Just a quick clarification for non-brits about the term Secretary of State as used in the UK vs the US
The US Secretary of State is the single person who runs the State Department, which deals with foreign affairs. In the UK, any minister who runs a department (apart from the Treasury, which is run by the Chancellor) is a Secretary of State.
So Theresa May is Secretary of State for the Home Department (known as the Home Office and roughly equivalent to parts of the US Justice Department and Homeland Security). She is not "UK Secretary of State" in the US sense. The Home Office is responsible for the police, the Security Service (MI5), and the Border Force (although not the courts, which are administered by the Ministry of Justice). The Security Service (MI5) is roughly analogous to the FBI and Homeland Security's counter terrorism and counter espionage roles.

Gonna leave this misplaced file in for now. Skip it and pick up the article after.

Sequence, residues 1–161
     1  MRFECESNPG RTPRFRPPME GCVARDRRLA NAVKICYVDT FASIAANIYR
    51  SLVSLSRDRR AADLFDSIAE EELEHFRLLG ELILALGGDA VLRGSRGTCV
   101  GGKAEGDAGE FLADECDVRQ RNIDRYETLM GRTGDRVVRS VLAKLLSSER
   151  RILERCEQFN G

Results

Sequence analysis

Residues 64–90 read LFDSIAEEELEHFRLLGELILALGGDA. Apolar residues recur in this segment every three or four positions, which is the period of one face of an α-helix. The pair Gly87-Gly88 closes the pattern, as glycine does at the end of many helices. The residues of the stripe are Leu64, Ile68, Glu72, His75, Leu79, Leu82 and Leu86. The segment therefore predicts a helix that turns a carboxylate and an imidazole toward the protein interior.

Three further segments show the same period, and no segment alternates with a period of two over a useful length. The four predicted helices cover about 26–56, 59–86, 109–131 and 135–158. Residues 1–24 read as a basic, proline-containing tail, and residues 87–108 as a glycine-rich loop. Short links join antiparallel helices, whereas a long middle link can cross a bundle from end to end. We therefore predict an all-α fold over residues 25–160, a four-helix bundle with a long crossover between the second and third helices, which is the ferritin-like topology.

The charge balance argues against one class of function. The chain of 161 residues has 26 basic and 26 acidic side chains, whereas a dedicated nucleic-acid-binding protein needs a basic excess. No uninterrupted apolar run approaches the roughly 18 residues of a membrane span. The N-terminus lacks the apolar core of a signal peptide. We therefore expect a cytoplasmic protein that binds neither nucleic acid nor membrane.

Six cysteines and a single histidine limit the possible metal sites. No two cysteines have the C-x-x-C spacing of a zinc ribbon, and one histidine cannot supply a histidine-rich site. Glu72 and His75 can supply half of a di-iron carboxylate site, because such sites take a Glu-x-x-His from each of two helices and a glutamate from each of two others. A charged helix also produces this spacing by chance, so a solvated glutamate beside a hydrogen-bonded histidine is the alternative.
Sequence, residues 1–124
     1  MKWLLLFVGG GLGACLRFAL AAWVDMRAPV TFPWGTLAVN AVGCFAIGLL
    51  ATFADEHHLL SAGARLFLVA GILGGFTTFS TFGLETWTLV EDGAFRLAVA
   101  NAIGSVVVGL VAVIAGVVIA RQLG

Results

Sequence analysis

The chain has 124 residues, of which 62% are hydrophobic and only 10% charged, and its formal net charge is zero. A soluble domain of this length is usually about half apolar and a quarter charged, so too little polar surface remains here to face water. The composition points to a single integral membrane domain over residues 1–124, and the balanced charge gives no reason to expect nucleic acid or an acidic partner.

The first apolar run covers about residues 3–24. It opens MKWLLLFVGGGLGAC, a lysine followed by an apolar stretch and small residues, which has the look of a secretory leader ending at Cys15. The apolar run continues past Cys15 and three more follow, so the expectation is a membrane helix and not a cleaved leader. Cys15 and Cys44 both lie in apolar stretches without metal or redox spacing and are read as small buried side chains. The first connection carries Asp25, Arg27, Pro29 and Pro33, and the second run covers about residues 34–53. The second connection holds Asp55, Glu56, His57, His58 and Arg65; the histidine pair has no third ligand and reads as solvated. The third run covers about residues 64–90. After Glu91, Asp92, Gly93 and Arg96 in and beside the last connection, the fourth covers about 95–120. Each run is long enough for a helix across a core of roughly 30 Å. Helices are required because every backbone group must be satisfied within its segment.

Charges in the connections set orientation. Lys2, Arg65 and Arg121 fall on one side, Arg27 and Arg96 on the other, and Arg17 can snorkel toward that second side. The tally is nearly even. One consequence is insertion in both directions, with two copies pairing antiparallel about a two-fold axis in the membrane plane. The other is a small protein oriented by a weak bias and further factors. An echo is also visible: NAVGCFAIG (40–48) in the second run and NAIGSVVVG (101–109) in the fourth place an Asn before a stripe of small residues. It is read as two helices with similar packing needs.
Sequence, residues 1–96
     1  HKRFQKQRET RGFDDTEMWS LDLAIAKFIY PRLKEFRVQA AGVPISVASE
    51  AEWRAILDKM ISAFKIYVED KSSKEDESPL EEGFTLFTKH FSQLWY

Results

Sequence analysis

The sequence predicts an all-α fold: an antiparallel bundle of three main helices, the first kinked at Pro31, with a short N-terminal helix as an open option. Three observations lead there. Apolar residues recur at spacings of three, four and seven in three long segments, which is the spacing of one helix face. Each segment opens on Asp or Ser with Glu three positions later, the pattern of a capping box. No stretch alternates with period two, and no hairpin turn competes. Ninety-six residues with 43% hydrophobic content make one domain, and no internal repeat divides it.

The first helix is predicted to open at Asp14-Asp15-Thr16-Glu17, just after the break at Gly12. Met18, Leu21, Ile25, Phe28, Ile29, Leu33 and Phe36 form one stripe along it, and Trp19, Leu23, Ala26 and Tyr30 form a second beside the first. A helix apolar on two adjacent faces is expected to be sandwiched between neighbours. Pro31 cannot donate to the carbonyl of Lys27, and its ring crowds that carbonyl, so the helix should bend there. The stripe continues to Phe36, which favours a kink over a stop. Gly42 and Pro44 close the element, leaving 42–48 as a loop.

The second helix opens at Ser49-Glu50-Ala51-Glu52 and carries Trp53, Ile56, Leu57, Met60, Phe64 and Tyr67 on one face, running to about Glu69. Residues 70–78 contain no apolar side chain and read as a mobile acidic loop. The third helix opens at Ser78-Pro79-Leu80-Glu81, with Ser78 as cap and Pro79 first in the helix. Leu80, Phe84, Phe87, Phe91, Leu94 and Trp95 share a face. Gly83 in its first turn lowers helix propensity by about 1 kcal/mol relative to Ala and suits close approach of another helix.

William Hague is Secretary of State for Foreign and Commonwealth Affairs, who runs the Foreign and Commonwealth Office, equivalent to John Kerry and the US State Department. The Foreign Office runs the Secret Intelligence Service (MI6) and GCHQ as these are both (theoretically) foreign intelligence services equivalent to the CIA and NSA.
This push by the government has not mentioned GCHQ, but has been all about giving the police more powers to request communications data. They have clearly decided that GCHQ has become a toxic brand for them.